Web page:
There is totally room for potatoes in all the gaps in the meat section. Especially if you slow-roast and mash them..mmmm

There is totally room for potatoes in all the gaps in the meat section. If you slow-roast and mash them, they’ll definitely fit… mmmm.

High on the list of things that may be the worst idea in the world: attempting to eat a Paleo diet while living in France.  Look.  It seemed like a good idea when I got here, and it didn’t seem so tough to implement with some deregulations – at home my pantry is paleo-friendly, and when I go out I can eat what I want, although I haven’t tended to stray too far just yet.  But then I went to London and gorged myself on potatoes.  (There was some wine in there too.) And now that I’ve been back for one day, I’m in potato withdrawal.  (Not even bread… clearly I’ve got some Irish in me somewhere!)

London was another escape to the land of the English-speaking, during which it appears I lost any and all ground gained while immersing myself among the French for the first week.   The wine tastings didn’t help with language retention, as you can see from this very scientific chart, although were particularly useful with increasing my knowledge of wines from the Rhône – especially Côtes du Rhône – and Italy.  I feel a peculiar affinity for the tortoise statues sitting in the middle of Place de la Victoire, and no desire to be active.

More math required to properly optimize said returns.

Feed me grapes and let me lie here in the sun!

Feed me grapes and let me lie here in the sun!

The London weekend started out with me feeling properly British by playing a game of football (soccer to the North American crowd), followed by a pub and then tea in not-so-quick succession.

London Secrets: a blurry Eye on the way home of what was supposed to be a game of footie, but is really a night at the pub. And invisible sunworshippers.

London Secrets: a blurry Eye on the way home from what was supposed to be just a game of footie, and invisible sun worshippers.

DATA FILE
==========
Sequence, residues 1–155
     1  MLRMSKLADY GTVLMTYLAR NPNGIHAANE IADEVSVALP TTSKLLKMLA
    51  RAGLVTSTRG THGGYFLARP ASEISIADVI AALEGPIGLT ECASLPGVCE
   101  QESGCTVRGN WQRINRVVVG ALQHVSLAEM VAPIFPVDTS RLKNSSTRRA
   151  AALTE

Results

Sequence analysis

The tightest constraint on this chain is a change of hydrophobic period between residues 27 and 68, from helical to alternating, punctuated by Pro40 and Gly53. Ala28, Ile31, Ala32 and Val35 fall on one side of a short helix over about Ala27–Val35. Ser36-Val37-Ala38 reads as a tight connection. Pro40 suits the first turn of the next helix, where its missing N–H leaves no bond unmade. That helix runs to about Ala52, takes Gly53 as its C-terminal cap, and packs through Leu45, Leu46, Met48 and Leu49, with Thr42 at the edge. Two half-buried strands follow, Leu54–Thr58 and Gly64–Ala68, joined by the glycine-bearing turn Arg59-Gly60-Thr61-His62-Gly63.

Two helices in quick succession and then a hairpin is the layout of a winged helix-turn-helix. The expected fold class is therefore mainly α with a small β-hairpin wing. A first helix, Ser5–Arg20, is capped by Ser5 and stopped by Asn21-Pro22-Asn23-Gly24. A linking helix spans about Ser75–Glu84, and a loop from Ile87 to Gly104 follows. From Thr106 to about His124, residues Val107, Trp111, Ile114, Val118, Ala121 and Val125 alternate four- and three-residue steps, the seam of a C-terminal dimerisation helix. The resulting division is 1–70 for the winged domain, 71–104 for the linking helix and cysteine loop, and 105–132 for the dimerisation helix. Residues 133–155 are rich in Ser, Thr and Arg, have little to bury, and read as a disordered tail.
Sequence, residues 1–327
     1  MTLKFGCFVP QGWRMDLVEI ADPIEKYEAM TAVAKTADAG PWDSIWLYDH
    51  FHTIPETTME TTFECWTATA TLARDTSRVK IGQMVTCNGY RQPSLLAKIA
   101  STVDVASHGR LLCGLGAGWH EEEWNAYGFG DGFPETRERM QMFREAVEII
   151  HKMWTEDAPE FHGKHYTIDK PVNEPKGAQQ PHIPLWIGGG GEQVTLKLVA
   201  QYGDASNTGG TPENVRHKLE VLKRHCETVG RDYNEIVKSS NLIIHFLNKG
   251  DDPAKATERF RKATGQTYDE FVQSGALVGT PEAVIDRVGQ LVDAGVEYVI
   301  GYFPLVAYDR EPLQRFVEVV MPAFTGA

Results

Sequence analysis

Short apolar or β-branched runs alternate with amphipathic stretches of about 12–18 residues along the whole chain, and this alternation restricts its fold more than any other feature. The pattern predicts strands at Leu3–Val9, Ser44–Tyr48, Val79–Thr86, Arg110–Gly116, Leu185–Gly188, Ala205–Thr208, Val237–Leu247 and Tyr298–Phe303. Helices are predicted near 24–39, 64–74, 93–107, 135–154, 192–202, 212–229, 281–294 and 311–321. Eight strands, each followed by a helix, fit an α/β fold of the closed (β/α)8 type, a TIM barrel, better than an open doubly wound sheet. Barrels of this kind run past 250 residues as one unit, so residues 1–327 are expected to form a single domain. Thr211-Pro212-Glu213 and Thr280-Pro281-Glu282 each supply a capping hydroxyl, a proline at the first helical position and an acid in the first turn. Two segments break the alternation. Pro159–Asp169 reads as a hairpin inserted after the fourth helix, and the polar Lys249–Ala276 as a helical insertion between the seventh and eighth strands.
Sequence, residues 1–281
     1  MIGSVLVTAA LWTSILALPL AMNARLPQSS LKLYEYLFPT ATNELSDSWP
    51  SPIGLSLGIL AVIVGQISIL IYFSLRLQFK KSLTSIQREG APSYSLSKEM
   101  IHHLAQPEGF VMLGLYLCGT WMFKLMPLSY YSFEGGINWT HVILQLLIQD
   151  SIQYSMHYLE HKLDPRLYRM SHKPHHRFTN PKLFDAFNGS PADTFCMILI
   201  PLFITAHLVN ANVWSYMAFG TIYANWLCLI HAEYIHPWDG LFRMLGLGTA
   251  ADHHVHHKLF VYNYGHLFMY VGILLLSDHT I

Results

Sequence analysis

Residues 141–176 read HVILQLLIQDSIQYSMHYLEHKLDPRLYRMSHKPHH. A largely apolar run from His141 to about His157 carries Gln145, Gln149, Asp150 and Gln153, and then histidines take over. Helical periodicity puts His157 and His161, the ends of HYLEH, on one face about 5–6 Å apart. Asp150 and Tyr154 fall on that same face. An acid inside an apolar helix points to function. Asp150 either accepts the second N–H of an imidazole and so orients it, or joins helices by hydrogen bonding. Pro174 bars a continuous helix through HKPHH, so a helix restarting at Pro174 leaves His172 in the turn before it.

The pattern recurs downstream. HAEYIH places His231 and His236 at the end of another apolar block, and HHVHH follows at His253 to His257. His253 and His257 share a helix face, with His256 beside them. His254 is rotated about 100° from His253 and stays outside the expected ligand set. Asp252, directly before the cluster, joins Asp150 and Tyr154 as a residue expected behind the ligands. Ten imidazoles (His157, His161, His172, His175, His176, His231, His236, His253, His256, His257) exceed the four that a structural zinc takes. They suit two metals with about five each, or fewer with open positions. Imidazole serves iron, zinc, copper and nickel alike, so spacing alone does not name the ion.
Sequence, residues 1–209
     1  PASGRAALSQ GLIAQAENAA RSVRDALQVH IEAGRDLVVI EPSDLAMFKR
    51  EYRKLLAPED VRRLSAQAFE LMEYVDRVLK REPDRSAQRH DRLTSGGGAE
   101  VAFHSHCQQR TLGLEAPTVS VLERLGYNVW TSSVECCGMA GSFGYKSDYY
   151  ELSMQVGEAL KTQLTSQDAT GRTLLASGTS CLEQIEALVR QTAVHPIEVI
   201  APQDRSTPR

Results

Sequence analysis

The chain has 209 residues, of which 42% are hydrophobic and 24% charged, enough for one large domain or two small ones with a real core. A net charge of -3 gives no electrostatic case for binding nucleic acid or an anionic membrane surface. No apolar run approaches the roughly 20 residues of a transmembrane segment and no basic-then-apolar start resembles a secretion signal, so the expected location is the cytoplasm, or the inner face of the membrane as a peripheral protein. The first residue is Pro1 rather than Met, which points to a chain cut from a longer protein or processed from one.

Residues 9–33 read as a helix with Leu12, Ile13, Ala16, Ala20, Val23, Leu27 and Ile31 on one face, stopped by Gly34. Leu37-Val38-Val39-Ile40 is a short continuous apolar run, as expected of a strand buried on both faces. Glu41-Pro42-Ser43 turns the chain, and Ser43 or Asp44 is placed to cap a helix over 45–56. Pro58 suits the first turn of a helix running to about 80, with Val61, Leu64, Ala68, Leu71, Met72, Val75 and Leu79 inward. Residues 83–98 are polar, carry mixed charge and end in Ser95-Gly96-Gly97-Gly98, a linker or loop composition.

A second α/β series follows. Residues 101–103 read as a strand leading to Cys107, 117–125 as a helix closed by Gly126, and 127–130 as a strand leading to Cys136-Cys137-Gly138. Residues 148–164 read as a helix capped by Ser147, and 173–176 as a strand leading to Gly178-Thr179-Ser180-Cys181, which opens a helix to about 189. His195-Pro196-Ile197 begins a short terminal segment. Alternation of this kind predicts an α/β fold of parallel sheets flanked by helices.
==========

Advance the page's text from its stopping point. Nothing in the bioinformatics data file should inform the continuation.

This winery is located somewhere near the nose of the plane.

Font de Michelle is located somewhere near the nose of this plane. The important takeaway from this picture is that I did not lose the paper plane competition.  (standard post-wine lunch activity)

The next day a good friend (and wine merchant) had arranged a tasting with a producer from the Côtes du Rhône, in the southeast of Châteauneuf du Pape (near Avignon: ‘the new castle of the Pope’) from a winery called Domaine Font de Michelle.  We were fortunate enough to try vintages from 1998 through 2014, so got a good experience of the evolution of the wines and styles.

One of the neat things about this winemaker is that he grows all the 13 accepted Châteauneuf du Pape varietals (Grenache, Syrah, Mourvedre, Cinsault, etc) but doesn’t regulate the exact balance of each in order to create a specific blend, the way many Bordeaux or Tuscan winemakers do. In fact, he often replaces old vines of one varietal with completely different varietals, and always blends all of the grapes together during the harvest. So the wines are a completely unique expression of each year, rather than an attempt to recreate a signature blend of flavours each time. Makes it far more interesting for the consumer, and – having had the chance to compare several vintages – a pleasant surprise to look forward to in each bottle.

It was hard to tell when the wine lunch ended and the weekend began, but it must have, because I found myself still there on Saturday, well into said weekend.  Fortunately for my liver, the wine tastings slowed down to a crawl, and I could just spend some time with friends – tapas, coffeeshops, walks through Clapham Commons; I tried my hand at Pétanque (Bocce ball for the North Americans), and Sunday wrapped up with an impromptu party in Brixton with – you guessed it – more wine. Almost everyone I know here happens to be attached to the industry somehow, so a certain amount of consumption is inevitable.  Encouraged, nay educational, even.

I saw the sun, and it opened up my eyes: early morning Brixton on the way to pick up fixings for breakfast, and above St Paul’s Cathedral.

It was finally Monday, and almost time to go home, but not without a proper English breakfast, a visit to the Whisky Shop and the Decanter Italian wine tasting, before heading back to Bordeaux.  Slightly tired and dehydrated, but definitely happy.

South Bank

I’m a sucker for a good billboard quote; had breakfast at this lovely little place with quirky signs and a river view.

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